Meningitis is a medical emergency. It can develop quickly, over a matter of hours.
Diagnosis and treatment of meningitis varies from country to country, depending on access to medial care, availability of antibiotics and local antibiotic resistance patterns.
Wherever you are, it’s important to know the signs and symptoms and to get medical treatment fast.
In order to diagnose meningitis, doctors may do a blood test and take a sample of(CSF), the watery fluid that flows in and around the brain and spinal cord.
CSF is collected through aand examined for the presence of white blood cells and bacteria. Blood and CSF samples will be cultured for the presence of bacteria.
Treatment should not be delayed for more than 1-2 hours while diagnostic tests are taking place.
requires injectable antibiotics and fluid replacement. Transfer to a hospital with an intensive care department may be necessary.
If signs ofare present, treatment should be started as soon as possible. Diagnostic tests should be deferred until antibiotics have been given.
The choice of antibiotic will be based on the susceptibilities of the meningitis bacteria in each patient’s area. Because of the worldwide prevalence of penicillin-resistant pneumococci,-resistant and -resistant meningococci, treatment with a third generation (such as cefotaxime or ceftriaxone) is the current standard of care.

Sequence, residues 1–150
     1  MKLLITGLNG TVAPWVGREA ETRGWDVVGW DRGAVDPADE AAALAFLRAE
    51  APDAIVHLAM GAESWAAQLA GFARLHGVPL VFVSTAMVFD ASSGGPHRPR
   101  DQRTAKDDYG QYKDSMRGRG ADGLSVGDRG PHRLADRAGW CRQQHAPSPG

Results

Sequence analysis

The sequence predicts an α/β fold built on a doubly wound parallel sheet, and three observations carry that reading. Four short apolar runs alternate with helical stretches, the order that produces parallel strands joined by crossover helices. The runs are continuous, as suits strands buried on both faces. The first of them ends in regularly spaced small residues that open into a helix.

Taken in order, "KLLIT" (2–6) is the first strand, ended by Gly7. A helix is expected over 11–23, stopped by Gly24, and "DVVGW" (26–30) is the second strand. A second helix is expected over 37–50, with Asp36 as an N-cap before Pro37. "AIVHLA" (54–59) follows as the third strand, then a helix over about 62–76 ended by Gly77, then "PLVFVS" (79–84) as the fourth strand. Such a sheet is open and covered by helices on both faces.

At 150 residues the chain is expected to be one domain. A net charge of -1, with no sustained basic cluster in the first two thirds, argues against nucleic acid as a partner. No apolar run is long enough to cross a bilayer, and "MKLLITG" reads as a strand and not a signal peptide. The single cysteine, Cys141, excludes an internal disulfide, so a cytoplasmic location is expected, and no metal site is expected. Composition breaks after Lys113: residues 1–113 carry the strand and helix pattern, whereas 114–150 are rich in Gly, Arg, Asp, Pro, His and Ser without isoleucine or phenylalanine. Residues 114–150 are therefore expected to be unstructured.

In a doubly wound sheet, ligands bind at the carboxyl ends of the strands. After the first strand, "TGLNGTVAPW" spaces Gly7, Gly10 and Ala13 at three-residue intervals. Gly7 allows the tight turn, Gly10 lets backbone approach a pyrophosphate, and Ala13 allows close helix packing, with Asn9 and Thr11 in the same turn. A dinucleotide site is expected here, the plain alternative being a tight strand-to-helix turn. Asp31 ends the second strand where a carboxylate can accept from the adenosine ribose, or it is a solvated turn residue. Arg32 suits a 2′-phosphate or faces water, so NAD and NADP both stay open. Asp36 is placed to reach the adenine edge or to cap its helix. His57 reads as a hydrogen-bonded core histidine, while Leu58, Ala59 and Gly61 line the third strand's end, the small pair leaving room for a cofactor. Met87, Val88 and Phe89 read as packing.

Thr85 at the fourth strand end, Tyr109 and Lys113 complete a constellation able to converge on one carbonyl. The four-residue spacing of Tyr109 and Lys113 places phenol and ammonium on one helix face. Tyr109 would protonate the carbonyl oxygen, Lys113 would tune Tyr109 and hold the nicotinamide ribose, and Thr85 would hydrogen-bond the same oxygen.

In areas with high-level penicillin-resistant pneumococci, vancomycin is usually added until the susceptibility of the infecting bacteria is known. If patients are allergic to these antibiotics,may be used as an alternative.
Antibiotics do not kill viruses. Althoughis more common than , treatment with injectable antibiotics should be started until a bacterial cause can be excluded. Treatment for is generally rest and pain relievers.
Survivors ofmay require ongoing treatment or therapy after their recovery.Almost all patients with recover without any permanent damage, although full recovery may take weeks to months.